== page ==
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The Miles to Go

This here a quick post of that story i am attempting to write in serial.

Part Two: Bagel Shop Barter Faire

The taxi pulled around the corner, nearly knocking the paper-boy over. He jumped out of the way, and the driver had missed by inches. He yelled, “You fucking paki-pig terrorist son-of-a-bitch!” The cab stopped. The boy’s eyes opened wide, but he felt safe when a large white man got out of the car. His name was David Franklyn. He wore a black suit, with a white shirt. His tie was blue.

David walked up to the boy and said, “Eh, don’t worry kid, I didn’t tip him. I saw that too.” He threw the boy a quarter. The boy just looked at him, the quarter landing on the ground and rolling to the gutter. David walked into the bagel shop and sat at the bar.

The shop was like any other in this neighborhood. David was immediately given a coffee, and he watched the cream swirl in his cup as he threw the plastic cup to the side. “Bagel” he said. The young man behind the counter, tired and overworked, tossed a sesame bagel on a white plate and asked, “Butter?” David smiled, “Not today. I feel like staying healthy.” He handed the young man a five note, and had another in his hand. “Give this to the paper boy, and keep the change.”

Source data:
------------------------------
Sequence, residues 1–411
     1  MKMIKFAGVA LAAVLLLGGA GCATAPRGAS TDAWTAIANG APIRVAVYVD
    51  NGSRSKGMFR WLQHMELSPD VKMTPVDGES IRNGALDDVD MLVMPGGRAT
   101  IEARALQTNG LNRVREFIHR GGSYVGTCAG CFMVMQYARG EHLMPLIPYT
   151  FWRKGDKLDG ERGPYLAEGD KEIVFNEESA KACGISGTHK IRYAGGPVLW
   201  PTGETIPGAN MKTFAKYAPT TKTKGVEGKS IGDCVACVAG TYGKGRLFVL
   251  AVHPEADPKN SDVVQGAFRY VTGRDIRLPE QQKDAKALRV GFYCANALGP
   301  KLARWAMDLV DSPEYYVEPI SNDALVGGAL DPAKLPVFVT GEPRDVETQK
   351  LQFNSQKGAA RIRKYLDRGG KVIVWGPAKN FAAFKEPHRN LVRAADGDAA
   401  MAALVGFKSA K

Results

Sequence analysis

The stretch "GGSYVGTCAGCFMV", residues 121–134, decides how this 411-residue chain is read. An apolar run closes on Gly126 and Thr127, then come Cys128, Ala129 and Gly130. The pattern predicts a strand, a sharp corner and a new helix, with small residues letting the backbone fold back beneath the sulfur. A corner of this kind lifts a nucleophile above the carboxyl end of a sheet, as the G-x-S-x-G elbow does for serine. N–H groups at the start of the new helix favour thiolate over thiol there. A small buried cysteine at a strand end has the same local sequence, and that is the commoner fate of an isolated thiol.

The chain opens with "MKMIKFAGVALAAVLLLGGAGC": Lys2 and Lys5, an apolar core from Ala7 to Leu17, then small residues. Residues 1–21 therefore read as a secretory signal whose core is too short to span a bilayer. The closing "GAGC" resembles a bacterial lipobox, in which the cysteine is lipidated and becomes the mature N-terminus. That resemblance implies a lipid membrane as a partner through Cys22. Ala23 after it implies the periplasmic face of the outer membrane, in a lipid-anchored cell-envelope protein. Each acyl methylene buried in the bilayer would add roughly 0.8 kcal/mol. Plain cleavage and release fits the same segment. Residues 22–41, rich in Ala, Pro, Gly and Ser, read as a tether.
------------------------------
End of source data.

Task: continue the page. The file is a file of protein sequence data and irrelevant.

The young man walked out to the street. David’s eyes went back to his coffee cup, which was half full now. As the young man returned to his post behind the bar, David smiled through half his mouth and asked, “Say, kid. You know that janitor, Earl Stevlin?” “No, that’s not familiar.” The young man replied quickly. “Why’s that?” “Oh, he’s just an old friend, I heard he lived next door.”

Franklyn sat down to write. He opened his pad and took out his pen and watched the bugs flap around outside his window. He lit a cigarette and the smoke fell to the ceiling. He smiled and sipped for he was tired yet content. He stared blankly at his paper trying to reason with it.

The day was damp. The lights from down the road fell loosely around a painting on the wall. Mother Mary was holding Jesus, and tears of joy ran down her face. She looked at him and smiled. The rusty chains on the swing near the porch squeaked. He thought the street seemed loud. He squeezed his hands and threw his pen towards the coffee table.

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